After flip-flopping between many different phones, as I do every year, I’ve decided to end 2022 on my good, old(-ish) iPhone 12 mini. While its weak battery life is definitely a huge issue for me, its compact size remains alluring. It’s just so dang comfortable to carry around and forget about, kind of like an old, stretched-out hoodie.
So, the iOS 16 update came about three months ago, bringing many fun features you can check out in our iOS 16 review. What we’ll be talking about here, however, are all the other things it brought, which definitely can’t be classified as features; more like software goofs, some of which still remain unfixed as of the latest, just-released iOS 16.2 version.
Oops, Siri forgot about punctuation
I’ll be calling Siri “her” instead of “it” or “him,” as I’ve set the virtual assistant to use the classic female British English voice.
Siri is by far the feature I use most commonly on my iPhone, mainly to set reminders. All day, every day, I have things I need to remember, and the convenience of just saying “Hey Siri, remind me to check the oven in 15 minutes.” or anything alike, has been invaluable.
Before iOS 16, Siri used to respond with the short and concise phrase: “Okay, added!” She would occasionally say “Done!” or something similar, but most often the former phrase. It was all good and perfect, and the world was sunshine and roses.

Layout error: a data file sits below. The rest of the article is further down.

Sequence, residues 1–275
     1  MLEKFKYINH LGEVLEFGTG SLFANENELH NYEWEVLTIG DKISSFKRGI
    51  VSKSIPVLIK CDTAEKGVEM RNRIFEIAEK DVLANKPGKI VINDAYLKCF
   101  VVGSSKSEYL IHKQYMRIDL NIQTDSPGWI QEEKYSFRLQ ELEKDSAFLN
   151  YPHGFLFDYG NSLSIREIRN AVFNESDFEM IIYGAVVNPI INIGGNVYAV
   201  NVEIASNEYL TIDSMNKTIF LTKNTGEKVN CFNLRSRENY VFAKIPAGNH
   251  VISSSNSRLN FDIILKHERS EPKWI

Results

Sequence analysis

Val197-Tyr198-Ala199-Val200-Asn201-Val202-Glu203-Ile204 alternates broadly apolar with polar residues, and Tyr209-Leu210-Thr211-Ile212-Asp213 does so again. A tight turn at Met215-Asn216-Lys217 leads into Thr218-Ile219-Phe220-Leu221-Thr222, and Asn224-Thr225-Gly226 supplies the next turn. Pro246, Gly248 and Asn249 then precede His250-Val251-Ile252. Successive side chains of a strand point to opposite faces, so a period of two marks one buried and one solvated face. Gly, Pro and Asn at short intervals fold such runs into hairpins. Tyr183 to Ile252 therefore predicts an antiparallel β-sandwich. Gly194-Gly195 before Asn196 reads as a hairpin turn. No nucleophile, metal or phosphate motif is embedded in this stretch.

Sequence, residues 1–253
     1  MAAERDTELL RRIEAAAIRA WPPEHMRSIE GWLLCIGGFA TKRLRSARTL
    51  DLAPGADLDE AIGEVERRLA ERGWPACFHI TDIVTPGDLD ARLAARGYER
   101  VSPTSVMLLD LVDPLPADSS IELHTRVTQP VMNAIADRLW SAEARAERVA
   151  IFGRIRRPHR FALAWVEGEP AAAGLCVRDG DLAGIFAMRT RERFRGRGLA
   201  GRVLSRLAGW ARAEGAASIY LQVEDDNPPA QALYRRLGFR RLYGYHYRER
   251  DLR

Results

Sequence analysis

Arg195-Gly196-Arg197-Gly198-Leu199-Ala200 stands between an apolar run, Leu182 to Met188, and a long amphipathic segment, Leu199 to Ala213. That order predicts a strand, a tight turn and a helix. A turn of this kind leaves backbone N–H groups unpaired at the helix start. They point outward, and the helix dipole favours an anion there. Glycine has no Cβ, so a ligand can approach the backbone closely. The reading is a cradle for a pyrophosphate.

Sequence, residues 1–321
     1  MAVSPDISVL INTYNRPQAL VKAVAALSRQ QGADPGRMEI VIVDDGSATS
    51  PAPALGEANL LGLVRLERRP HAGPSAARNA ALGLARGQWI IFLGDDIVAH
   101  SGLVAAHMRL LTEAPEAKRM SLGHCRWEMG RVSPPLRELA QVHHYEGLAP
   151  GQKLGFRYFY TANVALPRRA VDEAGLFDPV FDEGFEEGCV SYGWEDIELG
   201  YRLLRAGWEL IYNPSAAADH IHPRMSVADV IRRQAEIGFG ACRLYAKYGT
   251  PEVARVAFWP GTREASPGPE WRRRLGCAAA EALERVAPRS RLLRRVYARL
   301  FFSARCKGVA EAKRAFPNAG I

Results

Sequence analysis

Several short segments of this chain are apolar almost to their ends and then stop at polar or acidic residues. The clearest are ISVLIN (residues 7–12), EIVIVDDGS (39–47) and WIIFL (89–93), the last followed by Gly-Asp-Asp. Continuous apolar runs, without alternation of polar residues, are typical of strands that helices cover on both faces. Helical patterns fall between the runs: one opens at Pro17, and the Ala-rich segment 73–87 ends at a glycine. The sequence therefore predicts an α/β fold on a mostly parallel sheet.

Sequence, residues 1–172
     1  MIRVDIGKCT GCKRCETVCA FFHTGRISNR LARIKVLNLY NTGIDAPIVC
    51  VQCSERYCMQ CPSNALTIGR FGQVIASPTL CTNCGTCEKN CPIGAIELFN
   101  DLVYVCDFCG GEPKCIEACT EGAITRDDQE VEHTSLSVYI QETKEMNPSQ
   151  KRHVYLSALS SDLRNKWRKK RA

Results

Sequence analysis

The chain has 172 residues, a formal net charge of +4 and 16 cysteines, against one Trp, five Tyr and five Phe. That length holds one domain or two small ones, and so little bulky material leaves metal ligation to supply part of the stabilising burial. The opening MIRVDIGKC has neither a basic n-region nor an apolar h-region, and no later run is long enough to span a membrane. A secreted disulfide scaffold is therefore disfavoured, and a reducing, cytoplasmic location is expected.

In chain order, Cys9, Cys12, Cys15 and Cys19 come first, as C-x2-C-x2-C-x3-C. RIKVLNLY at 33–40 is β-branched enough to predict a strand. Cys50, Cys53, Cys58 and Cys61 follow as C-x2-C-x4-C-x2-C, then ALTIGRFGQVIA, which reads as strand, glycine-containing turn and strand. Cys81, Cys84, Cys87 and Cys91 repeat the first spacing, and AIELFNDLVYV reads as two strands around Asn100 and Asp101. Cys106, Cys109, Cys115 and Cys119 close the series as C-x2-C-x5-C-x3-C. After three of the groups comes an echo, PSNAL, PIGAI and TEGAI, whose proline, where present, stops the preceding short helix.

However, iOS 16 rolled out, and while she kept using the same phrase, she dropped that comma like a hot potato. So in response to most commands, Siri began blurting out “Okay added!” like she can’t wait to finish that sentence. Picture someone telling you “Come here!” and imagine Siri saying “Okay added!” with the exact same urgency and lack of a breather between the two words.
Apple eventually rolled out iOS 16.1, and while I expected it would, it actually didn’t fix Siri’s odd way of saying the phrase, so let’s skip ahead to the latest update.
After the recent iOS 16.2, Siri was finally fixed, now saying a different phrase – “Okay, I added it!” It does sound cool, albeit not as concise as her previous way of acknowledging commands, in my opinion.
In any case – what a journey! I know it might seem like a small issue, and it is, but as someone who uses Siri many times a day, always hearing Siri say the same phrase incorrectly definitely got my attention.
Cropping screenshots was all over the place
I don’t know how often the average person takes screenshots of whatever’s on their phone screen, but I do it as an alternative way to remind myself something. For example, I may screenshot an ad of a tech product that’s currently discounted. Because I know for sure I’ll see that screenshot, and be reminded of the ad, as soon as I actually have the spare time to do something about it.Now, taking screenshots on an iPhones is wonderfully simple – just press the power key and the volume-up key on your phone, and it’s done. However, you also get an option to immediately crop your screen shot; and I normally do that.